How to reduce stress
Life can be intense, and with an active life usually comes stress. Stress. It makes your heart beat and your breathing speeds up.
Since it is our perception of events that causes stress, check your thoughts to see if you are interpreting situations correctly or if your personal speech increases your stress level.
New research suggests that stress can only be bad for you if you think it is. Psychologist Kelly McGonigal encourages us to see stress as a positive element and introduces us to a little-known mechanism for reducing stress: contact with others.
Here are some practical tips you can use:
Accept results that are beyond your control, rather than fighting to solve problems over which you have no influence.
Unexpected daily worries can arise, so be psychologically flexible to deal with them.
Develop a regular sleep routine so that your body is well rested, your mood is manageable and your mind is clear.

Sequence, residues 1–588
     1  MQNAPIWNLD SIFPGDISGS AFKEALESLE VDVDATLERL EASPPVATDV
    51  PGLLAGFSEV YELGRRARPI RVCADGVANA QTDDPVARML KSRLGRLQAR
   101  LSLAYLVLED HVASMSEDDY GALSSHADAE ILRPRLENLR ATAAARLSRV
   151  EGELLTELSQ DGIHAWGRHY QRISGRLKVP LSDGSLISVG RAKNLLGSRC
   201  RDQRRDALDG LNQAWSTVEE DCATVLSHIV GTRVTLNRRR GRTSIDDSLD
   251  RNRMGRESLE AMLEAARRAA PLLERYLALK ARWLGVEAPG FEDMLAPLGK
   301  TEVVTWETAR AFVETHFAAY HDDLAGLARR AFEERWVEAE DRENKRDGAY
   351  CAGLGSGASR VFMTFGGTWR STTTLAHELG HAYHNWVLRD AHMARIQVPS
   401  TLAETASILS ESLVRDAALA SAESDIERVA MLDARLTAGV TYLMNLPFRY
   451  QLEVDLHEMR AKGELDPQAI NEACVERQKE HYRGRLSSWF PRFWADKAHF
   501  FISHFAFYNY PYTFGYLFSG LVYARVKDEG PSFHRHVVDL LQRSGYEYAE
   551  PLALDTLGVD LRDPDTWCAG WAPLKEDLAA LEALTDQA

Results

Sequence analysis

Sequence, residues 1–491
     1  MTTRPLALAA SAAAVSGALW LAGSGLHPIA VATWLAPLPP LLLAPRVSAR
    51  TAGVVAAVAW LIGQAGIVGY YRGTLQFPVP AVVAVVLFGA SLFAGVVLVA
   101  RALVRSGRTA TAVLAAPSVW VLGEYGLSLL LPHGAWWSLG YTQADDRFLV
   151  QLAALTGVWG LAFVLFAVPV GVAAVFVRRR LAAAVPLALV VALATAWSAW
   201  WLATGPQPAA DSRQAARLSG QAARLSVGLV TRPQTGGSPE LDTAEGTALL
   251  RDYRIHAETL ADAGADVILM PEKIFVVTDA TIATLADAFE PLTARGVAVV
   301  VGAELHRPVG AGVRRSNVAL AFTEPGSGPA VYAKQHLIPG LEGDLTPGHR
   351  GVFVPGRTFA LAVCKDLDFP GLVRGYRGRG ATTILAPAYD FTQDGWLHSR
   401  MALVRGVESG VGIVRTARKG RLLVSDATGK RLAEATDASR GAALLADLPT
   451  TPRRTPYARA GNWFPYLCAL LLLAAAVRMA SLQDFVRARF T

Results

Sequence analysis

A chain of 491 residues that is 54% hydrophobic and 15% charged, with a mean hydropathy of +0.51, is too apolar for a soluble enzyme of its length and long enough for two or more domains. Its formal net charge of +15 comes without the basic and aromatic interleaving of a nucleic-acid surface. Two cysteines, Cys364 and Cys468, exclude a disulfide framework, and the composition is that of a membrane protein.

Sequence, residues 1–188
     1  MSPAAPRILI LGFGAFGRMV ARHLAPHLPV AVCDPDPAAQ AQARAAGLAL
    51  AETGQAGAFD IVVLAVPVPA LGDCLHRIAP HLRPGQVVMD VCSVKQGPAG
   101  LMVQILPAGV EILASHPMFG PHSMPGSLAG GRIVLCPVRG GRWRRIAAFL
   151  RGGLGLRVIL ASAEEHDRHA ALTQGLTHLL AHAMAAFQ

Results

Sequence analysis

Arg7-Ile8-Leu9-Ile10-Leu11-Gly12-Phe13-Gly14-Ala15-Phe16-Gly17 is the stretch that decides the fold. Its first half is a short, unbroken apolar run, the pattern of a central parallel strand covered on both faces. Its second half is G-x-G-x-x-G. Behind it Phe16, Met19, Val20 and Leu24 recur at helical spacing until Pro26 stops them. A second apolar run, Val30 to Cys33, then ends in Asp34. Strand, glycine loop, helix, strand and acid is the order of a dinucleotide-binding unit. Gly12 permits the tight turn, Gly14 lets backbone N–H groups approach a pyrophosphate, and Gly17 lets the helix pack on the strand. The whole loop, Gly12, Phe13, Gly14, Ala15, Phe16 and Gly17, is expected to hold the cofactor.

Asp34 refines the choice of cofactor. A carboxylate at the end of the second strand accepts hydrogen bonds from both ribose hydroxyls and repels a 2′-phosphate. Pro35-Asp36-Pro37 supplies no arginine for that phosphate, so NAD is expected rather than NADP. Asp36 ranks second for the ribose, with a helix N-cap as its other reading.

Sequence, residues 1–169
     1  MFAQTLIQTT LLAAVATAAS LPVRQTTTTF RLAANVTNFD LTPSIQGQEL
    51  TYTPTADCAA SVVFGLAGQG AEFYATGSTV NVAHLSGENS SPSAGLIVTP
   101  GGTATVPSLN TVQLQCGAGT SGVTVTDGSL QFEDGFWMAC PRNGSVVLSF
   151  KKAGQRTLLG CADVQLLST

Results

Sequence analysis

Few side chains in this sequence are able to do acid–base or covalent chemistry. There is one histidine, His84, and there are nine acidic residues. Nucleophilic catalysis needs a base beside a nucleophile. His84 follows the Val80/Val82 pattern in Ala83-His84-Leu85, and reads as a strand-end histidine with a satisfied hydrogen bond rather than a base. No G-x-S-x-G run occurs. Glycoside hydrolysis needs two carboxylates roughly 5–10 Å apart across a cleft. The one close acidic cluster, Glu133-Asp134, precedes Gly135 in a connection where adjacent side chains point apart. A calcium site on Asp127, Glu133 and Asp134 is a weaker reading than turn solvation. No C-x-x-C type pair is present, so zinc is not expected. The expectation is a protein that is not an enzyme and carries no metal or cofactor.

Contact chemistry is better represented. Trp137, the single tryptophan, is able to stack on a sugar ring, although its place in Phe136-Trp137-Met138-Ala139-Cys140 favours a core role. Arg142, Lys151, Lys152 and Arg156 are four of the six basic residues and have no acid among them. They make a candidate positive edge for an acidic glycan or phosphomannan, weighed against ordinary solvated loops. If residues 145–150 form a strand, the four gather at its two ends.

Eat a healthy diet to give your body a sustained energy supply and the necessary nutrients throughout the day.
To counter the stress that builds up over time, exercise regularly.
Breathe to relax - it's a remarkably simple, easy and effective way to manage stress. You only need a few minutes.
Set aside time regularly to recharge your batteries so you can be more relaxed to cope with life.
Practice mindfulness to help you live more in the present moment and communicate better with others.
Reassess where you are heading in relation to your goals and whether they help you live a rewarding life.
Do things you love to be in a better mood and increase your energy.
Implement strategies to minimize the daily worries that cause you the most stress. It can be as simple as planning meals to minimize the time spent wondering what to prepare each evening.